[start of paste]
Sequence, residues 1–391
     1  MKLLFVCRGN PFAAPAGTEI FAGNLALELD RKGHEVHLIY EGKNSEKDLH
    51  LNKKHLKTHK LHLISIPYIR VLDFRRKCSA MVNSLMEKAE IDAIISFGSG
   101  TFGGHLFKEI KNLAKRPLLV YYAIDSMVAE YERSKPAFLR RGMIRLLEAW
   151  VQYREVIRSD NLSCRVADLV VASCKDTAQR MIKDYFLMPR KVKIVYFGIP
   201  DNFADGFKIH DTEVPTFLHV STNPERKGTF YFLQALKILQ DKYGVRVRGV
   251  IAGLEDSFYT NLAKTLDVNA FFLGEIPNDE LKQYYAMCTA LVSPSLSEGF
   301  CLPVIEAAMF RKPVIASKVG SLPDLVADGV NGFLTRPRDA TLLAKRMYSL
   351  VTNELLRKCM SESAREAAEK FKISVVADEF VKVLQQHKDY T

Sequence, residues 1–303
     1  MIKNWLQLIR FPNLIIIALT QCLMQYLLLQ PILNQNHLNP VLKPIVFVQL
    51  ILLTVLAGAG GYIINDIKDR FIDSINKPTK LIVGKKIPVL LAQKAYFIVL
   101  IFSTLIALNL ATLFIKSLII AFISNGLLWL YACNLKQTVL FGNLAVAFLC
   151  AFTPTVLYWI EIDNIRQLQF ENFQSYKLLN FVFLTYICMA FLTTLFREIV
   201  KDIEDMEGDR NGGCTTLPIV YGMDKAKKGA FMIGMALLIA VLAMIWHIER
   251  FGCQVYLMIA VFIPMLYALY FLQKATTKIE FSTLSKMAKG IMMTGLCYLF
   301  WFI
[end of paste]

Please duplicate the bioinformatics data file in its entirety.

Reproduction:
Sequence, residues 1–391
     1  MKLLFVCRGN PFAAPAGTEI FAGNLALELD RKGHEVHLIY EGKNSEKDLH
    51  LNKKHLKTHK LHLISIPYIR VLDFRRKCSA MVNSLMEKAE IDAIISFGSG
   101  TFGGHLFKEI KNLAKRPLLV YYAIDSMVAE YERSKPAFLR RGMIRLLEAW
   151  VQYREVIRSD NLSCRVADLV VASCKDTAQR MIKDYFLMPR KVKIVYFGIP
   201  DNFADGFKIH DTEVPTFLHV STNPERKGTF YFLQALKILQ DKYGVRVRGV
   251  IAGLEDSFYT NLAKTLDVNA FFLGEIPNDE LKQYYAMCTA LVSPSLSEGF
   301  CLPVIEAAMF RKPVIASKVG SLPDLVADGV NGFLTRPRDA TLLAKRMYSL
   351  VTNELLRKCM SESAREAAEK FKISVVADEF VKVLQQHKDY T

Sequence, residues 1–303
     1  MIKNWLQLIR FPNLIIIALT QCLMQYLLLQ PILNQNHLNP VLKPIVFVQL
    51  ILLTVLAGAG GYIINDIKDR FIDSINKPTK LIVGKKIPVL LAQKAYFIVL
   101  IFSTLIALNL ATLFIKSLII AFISNGLLWL YACNLKQTVL FGNLAVAFLC
   151  AFTPTVLYWI EIDNIRQLQF ENFQSYKLLN FVFLTYICMA FLTTLFREIV
   201  KDIEDMEGDR NGGCTTLPIV YGMDKAKKGA FMIGMALLIA VLAMIWHIER
   251  FGCQVYLMIA VFIPMLYALY FLQKATTKIE FSTLSKMAKG IMMTGLCYLF
   301  WFI